Jill was awarded an OBE in June 2014 for services to nursing and healthcare. In 2013 she was in the Health Services Journal ‘Top 100 leaders’ and was also included on Health Service Journal’s inaugural list of Most Inspirational Women in Healthcare the same year.
Jill is passionate about creating positive practice environments for NHS staff and supporting staff in the work they do caring for patients and her programme of research has highlighted the links between staff experiences of work and patient experiences of care- https://www.journalslibrary.nihr.ac.uk/programmes/hsdr/081819213/#/ This was one of the first studies to demonstrate relationships between staff wellbeing and patient experience at the team and individual level demonstrating that staff wellbeing is an important antecedent of patient care performance.
Jill's doctoral work examined what supported and what prevented newly qualified nurses implementing their ideals and values in practice, highlighting how ideals and values of new nursing students can become compromised and crushed in poor work environments. She also recently completed the first national evaluation of Schwartz Centre Rounds in the UK: “A Longitudinal National Evaluation of Schwartz Centre Rounds®: an intervention to enhance compassion in relationships between staff and patients through providing support for staff and promoting their wellbeing” [https://www.journalslibrary.nihr.ac.uk/programmes/hsdr/130749/#/] she has developed a short film from this work: Understanding Schwartz Rounds: Findings from a National Evaluation https://www.youtube.com/watch?v=C34ygCIdjCo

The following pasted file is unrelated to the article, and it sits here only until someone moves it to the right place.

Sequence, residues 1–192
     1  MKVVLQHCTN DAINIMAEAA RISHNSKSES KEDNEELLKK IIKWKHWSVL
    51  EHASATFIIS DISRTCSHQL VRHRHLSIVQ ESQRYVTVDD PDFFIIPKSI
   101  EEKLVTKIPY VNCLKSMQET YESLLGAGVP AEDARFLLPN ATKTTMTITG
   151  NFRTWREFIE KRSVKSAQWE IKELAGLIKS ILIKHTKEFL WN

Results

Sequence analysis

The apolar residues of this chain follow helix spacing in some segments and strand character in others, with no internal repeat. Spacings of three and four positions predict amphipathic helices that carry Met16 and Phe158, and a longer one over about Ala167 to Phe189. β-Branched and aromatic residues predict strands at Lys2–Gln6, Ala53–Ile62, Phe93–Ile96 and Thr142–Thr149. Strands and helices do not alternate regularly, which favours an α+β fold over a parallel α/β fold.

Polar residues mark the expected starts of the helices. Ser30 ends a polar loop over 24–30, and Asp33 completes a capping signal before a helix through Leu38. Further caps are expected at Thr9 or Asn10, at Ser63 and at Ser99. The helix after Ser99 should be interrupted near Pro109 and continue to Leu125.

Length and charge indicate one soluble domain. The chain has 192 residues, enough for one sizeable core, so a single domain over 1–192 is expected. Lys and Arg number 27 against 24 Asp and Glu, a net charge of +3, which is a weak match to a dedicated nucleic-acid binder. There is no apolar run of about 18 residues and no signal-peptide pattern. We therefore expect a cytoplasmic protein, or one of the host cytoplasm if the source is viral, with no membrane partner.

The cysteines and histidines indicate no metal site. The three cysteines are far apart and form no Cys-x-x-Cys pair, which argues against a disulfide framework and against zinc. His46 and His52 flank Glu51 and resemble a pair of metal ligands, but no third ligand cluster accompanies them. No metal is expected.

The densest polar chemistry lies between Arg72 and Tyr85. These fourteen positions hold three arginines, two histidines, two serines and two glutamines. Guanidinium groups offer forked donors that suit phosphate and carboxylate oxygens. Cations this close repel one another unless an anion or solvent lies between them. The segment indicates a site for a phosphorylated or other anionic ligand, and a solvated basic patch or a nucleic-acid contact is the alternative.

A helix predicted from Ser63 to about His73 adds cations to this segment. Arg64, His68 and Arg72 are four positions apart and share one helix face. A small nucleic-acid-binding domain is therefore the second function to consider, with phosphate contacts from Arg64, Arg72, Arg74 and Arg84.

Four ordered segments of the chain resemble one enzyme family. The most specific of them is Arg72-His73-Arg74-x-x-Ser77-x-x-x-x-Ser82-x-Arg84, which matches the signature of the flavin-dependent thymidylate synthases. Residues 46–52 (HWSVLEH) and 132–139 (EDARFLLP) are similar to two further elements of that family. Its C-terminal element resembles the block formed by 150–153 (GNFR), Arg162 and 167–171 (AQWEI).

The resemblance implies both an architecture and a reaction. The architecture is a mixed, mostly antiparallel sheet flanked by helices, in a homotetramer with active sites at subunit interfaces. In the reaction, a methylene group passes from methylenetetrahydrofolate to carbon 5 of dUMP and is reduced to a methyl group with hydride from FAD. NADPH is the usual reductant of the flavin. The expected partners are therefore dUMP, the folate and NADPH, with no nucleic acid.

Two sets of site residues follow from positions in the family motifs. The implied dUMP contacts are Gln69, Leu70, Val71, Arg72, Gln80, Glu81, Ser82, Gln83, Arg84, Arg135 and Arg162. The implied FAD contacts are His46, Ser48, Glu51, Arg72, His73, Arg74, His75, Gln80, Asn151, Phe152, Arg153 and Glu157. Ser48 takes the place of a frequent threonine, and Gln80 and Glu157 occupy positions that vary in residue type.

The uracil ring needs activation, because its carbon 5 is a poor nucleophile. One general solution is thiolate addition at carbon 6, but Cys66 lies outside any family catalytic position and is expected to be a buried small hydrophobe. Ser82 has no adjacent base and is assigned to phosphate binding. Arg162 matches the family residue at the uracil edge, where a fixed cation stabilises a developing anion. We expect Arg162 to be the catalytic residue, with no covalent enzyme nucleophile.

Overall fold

Other recent studies include an evaluation of patient and staff experiences and safety outcomes of a move to 100% single hospital bedrooms. [https://www.journalslibrary.nihr.ac.uk/programmes/hsdr/10101342/#/] and interventions to support healthcare staff including Schwartz Center Rounds and to improve relational care for older people in hospital [https://www.journalslibrary.nihr.ac.uk/programmes/hsdr/1212910/#/] The single room evaluation work is now being replicated in Australia; Holland and Denmark.
Current studies include the Impact of Covid on Nurses (ICON) (Burdett Trust; Florence Nightingale Foundation and the Colt Trust) and NIHR studies:
Care Under Pressure 2: Caring for the Carers a realist review of interventions to minimise the incidence of mental ill-health in nurses, midwives and paramedics: www.journalslibrary.nihr.ac.uk/programmes/hsdr/NIHR129528/#/ and
Strategies to address unprofessional behaviours among staff in acute healthcare settings: a realist review: www.journalslibrary.nihr.ac.uk/programmes/hsdr/NIHR131606/#/